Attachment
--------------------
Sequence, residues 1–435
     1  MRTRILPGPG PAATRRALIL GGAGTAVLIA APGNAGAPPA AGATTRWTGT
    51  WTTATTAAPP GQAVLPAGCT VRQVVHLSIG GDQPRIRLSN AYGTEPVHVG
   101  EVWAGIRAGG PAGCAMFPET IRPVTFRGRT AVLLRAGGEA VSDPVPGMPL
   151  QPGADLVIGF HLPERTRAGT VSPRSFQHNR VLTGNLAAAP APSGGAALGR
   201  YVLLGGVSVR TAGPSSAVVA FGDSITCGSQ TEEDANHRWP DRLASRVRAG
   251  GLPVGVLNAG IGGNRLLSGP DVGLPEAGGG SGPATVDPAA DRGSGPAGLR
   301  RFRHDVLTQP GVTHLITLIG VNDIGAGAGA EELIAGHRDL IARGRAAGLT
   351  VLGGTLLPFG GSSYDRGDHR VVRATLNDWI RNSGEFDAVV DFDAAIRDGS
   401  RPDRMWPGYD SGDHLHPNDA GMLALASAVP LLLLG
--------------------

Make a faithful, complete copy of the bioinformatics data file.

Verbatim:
Sequence, residues 1–435
     1  MRTRILPGPG PAATRRALIL GGAGTAVLIA APGNAGAPPA AGATTRWTGT
    51  WTTATTAAPP GQAVLPAGCT VRQVVHLSIG GDQPRIRLSN AYGTEPVHVG
   101  EVWAGIRAGG PAGCAMFPET IRPVTFRGRT AVLLRAGGEA VSDPVPGMPL
   151  QPGADLVIGF HLPERTRAGT VSPRSFQHNR VLTGNLAAAP APSGGAALGR
   201  YVLLGGVSVR TAGPSSAVVA FGDSITCGSQ TEEDANHRWP DRLASRVRAG
   251  GLPVGVLNAG IGGNRLLSGP DVGLPEAGGG SGPATVDPAA DRGSGPAGLR
   301  RFRHDVLTQP GVTHLITLIG VNDIGAGAGA EELIAGHRDL IARGRAAGLT
   351  VLGGTLLPFG GSSYDRGDHR VVRATLNDWI RNSGEFDAVV DFDAAIRDGS
   401  RPDRMWPGYD SGDHLHPNDA GMLALASAVP LLLLG